Saw this morning, a flock of Grey Partridges, consisting of two pairs together with their offspring, numbering a dozen or more at least. The young ones were able to keep up with the parents, flying strongly, and so clear of immediate danger. Partridges have been absent from around here for a couple of years, so it is a great pleasure to see them back, especially as although the parents are far more conscientious than pheasants are, the chicks struggle to survive when the weather is really bad, round about Ascot week. The pheasants that were with us in the spring dispersed several weeks ago, with just one daily visitor still.
Our flock of Yellowhammers has largely dispersed now, no longer needing to feed at our bird tables, and their place has been taken by the various finches, gold- green- and chaffinches. Bullfinches are around but a bit more secretive than the other finches. There has been an explosion of wrens in the last few days, with luttle limps of brown cotton wool perched on stuff around our garage which is used for everything apart from a car. Crows are gathering, as they do at this time of year. They sit on the posts supporting the wires of raspberry canes, waiting for the fruit to ripen, which it should do any day now.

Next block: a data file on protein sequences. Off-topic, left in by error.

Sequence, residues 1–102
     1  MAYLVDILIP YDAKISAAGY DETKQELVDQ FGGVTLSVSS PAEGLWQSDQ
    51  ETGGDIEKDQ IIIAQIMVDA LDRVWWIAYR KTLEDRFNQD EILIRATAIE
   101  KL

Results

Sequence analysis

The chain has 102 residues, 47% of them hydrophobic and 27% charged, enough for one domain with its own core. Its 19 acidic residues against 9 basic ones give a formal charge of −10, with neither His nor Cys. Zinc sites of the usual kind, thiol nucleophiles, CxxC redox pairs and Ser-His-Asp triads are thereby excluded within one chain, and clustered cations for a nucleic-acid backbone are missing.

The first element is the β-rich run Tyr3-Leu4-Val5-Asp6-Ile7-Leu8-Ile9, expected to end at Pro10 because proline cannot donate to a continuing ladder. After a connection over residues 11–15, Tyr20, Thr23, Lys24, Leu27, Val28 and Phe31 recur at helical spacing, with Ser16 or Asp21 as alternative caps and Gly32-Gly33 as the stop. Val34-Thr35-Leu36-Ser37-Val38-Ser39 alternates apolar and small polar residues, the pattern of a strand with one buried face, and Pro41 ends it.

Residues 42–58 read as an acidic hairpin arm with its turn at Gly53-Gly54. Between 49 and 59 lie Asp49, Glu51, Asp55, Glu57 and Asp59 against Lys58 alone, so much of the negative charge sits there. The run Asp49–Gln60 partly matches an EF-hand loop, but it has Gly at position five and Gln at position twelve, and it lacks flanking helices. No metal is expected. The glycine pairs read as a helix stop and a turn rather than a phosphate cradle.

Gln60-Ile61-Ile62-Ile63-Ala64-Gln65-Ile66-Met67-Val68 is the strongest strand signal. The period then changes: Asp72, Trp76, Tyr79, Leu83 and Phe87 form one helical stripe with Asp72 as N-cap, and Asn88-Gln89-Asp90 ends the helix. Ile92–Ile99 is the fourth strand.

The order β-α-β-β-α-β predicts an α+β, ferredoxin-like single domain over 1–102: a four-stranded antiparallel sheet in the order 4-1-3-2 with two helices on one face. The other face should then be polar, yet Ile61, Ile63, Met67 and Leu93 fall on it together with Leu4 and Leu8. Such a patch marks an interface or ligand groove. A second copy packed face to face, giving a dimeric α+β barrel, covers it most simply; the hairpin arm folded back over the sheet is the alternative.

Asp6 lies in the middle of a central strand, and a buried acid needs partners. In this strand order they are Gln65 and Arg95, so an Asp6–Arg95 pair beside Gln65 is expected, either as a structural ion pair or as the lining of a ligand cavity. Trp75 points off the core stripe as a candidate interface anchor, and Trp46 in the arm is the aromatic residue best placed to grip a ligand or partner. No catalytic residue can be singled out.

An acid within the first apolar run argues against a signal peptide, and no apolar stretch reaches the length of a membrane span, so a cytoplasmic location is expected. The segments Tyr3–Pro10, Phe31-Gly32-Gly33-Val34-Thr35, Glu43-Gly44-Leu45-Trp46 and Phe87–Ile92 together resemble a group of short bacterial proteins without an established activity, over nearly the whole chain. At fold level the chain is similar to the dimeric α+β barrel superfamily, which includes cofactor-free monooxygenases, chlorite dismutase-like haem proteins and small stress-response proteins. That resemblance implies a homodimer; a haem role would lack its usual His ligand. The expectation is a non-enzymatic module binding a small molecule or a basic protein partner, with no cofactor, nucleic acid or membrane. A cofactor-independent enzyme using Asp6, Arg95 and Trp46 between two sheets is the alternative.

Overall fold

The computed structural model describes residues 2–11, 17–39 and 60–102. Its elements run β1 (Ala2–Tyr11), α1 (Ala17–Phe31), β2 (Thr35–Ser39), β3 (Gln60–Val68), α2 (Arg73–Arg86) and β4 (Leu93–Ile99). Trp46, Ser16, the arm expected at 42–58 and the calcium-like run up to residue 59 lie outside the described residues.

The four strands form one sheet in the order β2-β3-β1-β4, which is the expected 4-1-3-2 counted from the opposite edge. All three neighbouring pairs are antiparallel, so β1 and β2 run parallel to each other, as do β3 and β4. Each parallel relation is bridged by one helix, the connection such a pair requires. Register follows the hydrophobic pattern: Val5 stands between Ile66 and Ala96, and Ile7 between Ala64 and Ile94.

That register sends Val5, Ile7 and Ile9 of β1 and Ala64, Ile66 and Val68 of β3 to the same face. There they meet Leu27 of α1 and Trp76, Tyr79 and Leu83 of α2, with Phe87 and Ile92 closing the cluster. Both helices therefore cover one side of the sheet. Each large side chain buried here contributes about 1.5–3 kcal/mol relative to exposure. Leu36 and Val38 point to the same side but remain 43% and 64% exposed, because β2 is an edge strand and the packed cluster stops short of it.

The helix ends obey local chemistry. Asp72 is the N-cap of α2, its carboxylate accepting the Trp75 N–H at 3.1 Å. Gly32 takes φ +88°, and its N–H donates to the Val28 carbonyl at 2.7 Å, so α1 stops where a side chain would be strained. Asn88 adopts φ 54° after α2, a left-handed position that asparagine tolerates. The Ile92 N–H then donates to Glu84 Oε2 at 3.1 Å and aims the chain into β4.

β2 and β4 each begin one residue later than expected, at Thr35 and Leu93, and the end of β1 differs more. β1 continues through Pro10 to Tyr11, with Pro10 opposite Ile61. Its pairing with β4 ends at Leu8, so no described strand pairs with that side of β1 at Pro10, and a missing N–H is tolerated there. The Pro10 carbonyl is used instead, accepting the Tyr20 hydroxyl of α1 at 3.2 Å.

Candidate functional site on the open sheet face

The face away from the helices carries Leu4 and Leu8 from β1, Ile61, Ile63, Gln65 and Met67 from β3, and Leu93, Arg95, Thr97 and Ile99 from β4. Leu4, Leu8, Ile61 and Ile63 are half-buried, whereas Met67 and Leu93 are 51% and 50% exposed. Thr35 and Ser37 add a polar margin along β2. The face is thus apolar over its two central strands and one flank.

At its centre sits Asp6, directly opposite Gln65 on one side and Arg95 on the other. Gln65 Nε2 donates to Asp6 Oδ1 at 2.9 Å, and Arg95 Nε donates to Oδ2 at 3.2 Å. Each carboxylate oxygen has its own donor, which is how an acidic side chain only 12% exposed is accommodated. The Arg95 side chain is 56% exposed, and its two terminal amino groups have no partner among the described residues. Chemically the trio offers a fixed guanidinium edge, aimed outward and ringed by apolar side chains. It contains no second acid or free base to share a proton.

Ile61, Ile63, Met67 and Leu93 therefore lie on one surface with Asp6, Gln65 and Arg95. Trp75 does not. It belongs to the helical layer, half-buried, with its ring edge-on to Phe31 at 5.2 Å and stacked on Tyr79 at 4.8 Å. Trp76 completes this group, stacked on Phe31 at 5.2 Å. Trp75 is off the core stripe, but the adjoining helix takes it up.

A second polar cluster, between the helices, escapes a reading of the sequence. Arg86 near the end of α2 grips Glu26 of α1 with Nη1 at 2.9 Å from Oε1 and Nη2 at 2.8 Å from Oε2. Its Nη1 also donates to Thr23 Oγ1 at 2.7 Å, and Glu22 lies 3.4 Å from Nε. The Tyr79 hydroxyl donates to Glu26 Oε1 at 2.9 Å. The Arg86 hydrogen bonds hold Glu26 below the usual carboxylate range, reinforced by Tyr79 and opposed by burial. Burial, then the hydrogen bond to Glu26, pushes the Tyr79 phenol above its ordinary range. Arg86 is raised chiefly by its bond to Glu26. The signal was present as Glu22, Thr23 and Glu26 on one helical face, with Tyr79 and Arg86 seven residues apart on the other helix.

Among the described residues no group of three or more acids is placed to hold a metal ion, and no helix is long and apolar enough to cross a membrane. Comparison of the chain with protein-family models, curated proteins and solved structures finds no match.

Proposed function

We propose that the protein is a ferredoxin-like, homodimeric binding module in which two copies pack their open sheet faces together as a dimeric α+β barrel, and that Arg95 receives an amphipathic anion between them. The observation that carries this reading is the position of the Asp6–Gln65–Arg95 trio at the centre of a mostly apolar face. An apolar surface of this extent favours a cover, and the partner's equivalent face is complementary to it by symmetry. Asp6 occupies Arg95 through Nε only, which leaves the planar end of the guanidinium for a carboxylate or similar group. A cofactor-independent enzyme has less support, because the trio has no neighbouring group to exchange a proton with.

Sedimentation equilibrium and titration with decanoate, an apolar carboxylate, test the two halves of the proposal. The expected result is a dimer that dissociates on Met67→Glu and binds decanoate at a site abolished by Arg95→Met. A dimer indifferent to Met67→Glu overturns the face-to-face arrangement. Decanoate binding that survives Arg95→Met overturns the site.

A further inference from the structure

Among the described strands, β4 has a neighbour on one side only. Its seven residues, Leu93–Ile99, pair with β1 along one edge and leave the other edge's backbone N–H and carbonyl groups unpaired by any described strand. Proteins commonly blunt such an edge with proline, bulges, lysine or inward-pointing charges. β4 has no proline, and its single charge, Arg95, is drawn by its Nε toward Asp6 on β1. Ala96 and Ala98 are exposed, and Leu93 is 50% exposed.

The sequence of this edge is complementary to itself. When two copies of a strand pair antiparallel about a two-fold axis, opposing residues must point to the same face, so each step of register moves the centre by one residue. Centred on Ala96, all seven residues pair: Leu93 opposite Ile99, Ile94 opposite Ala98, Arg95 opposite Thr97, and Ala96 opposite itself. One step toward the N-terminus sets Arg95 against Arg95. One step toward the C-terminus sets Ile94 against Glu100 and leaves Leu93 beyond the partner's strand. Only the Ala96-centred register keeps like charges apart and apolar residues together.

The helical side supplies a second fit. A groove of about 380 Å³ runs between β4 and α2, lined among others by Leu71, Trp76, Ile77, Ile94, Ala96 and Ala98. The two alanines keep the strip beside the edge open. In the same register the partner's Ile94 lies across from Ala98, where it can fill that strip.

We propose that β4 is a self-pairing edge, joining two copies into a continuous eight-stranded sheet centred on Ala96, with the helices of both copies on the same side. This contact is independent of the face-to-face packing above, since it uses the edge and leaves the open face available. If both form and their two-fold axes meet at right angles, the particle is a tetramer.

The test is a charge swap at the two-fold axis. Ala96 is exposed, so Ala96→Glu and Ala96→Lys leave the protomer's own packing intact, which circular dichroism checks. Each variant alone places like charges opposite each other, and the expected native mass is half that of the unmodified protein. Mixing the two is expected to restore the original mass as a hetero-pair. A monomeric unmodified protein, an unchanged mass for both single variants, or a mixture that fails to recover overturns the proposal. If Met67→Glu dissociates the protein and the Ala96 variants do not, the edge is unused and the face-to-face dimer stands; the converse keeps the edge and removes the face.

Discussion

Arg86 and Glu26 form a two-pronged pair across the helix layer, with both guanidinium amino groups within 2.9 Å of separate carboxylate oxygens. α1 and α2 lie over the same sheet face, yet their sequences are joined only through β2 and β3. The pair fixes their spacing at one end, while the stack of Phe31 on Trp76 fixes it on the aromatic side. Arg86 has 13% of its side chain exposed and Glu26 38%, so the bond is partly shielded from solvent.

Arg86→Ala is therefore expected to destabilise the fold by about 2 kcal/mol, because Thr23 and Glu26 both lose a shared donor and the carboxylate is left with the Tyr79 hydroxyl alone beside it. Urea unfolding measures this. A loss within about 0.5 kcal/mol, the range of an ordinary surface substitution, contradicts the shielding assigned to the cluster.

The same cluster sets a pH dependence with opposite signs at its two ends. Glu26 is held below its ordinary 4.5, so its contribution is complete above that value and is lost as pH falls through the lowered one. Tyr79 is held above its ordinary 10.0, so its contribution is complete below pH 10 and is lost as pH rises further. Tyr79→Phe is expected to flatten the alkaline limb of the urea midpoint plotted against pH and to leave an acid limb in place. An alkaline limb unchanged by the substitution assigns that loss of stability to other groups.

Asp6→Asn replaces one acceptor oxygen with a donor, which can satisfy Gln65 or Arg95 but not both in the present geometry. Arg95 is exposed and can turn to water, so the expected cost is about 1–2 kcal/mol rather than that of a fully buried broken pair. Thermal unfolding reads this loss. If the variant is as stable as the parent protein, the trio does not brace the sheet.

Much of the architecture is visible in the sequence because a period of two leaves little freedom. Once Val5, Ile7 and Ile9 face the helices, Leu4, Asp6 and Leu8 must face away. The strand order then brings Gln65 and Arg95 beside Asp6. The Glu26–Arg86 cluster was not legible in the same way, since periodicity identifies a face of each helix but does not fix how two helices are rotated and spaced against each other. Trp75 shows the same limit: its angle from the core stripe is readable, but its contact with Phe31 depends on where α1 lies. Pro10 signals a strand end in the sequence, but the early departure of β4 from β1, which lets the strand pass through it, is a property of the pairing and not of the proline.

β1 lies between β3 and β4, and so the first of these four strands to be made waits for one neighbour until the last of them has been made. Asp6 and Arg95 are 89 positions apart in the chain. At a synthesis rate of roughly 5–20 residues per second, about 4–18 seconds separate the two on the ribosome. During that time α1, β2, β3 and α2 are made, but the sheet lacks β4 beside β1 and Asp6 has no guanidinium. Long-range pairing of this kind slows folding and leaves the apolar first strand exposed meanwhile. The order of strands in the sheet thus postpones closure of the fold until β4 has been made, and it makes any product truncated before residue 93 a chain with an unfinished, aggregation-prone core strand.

Down in the vegetable garden, I saw yesterday for the first time, a Wood Mouse climbing about amongst the stalks and seedheads of Cow Parsley (Anthriscus sylvaticus).
Although our ponds had no frogspawn this year, there are at least a few frogs around, but nothing like the population there were last year. Those I have seen have been free of disease.
Hedgehogs are now in evidence, but I’ve not actually seen any yet. There are some bats flying at dusk; I used to be able to identify bat species but cannot now remember how, they flash by so fast.
Our population of bumble bees of several species continues strongly, but there are appallingly few honey bees around, and I’ve not seen a single butterfly.